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Free Rohingya Coalition decries pushing refugees out to sea

A boat carrying suspected ethnic Rohingya migrants is seen detained in Malaysian territorial waters, in Langkawi, Malaysia on April 5, 2020. File Photo: Malaysian Maritime Enforcement Agency/Handout via Reuters

Pushing hundreds of starving and persecuted Rohingya refugees back out to the sea in the full knowledge that they have no safe place of refuge elsewhere are fundamental violations of their human rights, said Free Rohingya Coalition, a global network of Rohingya survivors and activists, today.

It said it is deeply troubled by the news reports that a number of Asian countries, specifically Malaysia, Thailand and Bangladesh, are pushing starving Rohingya refugees on boats back out to dangerous waters after refusing disembarkation on their shores.

According to foreign ministry sources, two boats with some 500 Rohingya refugees are still in the Myanmar sea of the Bay of Bengal after earlier being refused by the Malaysia and Thailand navies.

"These inhumane acts put the lives of those on the boats at immediate risk as they do not have adequate supplies of drinking water, food or fuel. States are obliged to provide those on board the ships with a place of safety and access to humanitarian support as victims of state persecution and genocide, and as potential victims of trafficking," said Nay San Lwin, co-founder of Free Rohingya Coalition in a statement today.

These latest developments have occurred just weeks ahead of Myanmar's first reporting deadline to the International Court of Justice, which has ordered provisional measures to protect the half-million Rohingyas who remain on Myanmar soil and to prevent genocidal acts against them, including the incitement of genocidal violence.

Khin Maung, the Free Rohingya Coalition's coordinator in the Rohingya camps in Bangladesh and founder of the Rohingya Youth Association said, "We Rohingyas have been fleeing death and destruction at the hands of Myanmar government and local communities in our birthplace of Western Myanmar since long before I was born in the 1990s.

"Our people have resorted to paying brokers to take us somewhere safer, risking death or starvation at sea."

He also said they are in Bangladesh or going to Malaysia because they think these are places of milk and honey.

"We take these high-risk journeys because we are desperate to escape subhuman conditions, and because in Rakhine we can no longer live with the constant threat of another wave of genocidal slaughter or being killed in the fierce fighting between Myanmar troops and the Rakhine rebels."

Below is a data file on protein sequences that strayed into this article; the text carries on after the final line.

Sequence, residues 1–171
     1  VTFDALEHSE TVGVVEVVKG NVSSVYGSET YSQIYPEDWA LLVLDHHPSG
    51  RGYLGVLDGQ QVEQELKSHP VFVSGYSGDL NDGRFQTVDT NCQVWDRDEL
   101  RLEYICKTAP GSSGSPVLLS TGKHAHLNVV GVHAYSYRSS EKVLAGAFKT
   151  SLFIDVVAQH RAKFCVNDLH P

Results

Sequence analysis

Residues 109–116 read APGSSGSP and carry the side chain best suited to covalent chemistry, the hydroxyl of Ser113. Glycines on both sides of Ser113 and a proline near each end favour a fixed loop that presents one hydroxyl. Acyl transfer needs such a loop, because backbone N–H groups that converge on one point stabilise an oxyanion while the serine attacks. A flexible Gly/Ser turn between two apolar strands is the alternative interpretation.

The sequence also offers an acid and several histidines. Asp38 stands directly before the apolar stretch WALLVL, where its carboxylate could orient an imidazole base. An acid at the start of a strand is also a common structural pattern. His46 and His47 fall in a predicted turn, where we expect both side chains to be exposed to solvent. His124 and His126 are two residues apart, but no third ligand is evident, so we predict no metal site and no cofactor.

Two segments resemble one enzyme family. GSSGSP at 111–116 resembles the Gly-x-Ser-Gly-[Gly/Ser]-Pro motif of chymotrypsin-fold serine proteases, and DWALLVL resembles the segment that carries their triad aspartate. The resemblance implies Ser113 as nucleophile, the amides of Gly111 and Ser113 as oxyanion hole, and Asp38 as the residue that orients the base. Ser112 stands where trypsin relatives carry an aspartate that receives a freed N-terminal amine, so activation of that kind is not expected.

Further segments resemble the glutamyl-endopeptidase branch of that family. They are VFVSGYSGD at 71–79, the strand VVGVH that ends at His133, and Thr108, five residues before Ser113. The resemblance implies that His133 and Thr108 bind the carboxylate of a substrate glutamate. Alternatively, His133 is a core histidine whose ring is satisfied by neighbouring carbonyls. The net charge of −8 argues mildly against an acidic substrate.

Nay San Lwin said instead of showing governmental resolve or a collective sense of urgency or state responsibility to end the root cause of genocide and war in Rakhine, ASEAN and South Asian governments have issued empty declarations laced with euphemistic spin such as "irregular maritime movements" and "voluntary, sustainable, and dignified return".

"There is absolutely nothing dignified about hundreds of Rohingyas being pushed back out to sea where they are adrift, desperate for drinking water and starving for weeks. In fact, it is inhumane."

Alongside these push-backs, which have already caused the deaths of dozens onboard, Rohingya refugees have been subjected to an onslaught of racist attacks on social media, believed to be coming from Malaysian citizens of various religious and racial backgrounds, he said.

The volume and targeted nature of these attacks strongly suggest that this is a coordinated nationalist campaign, he added.

The Free Rohingya Coalition says the nations in the region have a responsibility to prevent hate speech and prosecute their nationals who incite racism.

"This is particularly important in a situation where the victims of such attacks are a group that are already the victims of persecution and genocide in the neighbouring ASEAN state of Myanmar."

Copyright 2020 The Daily Star

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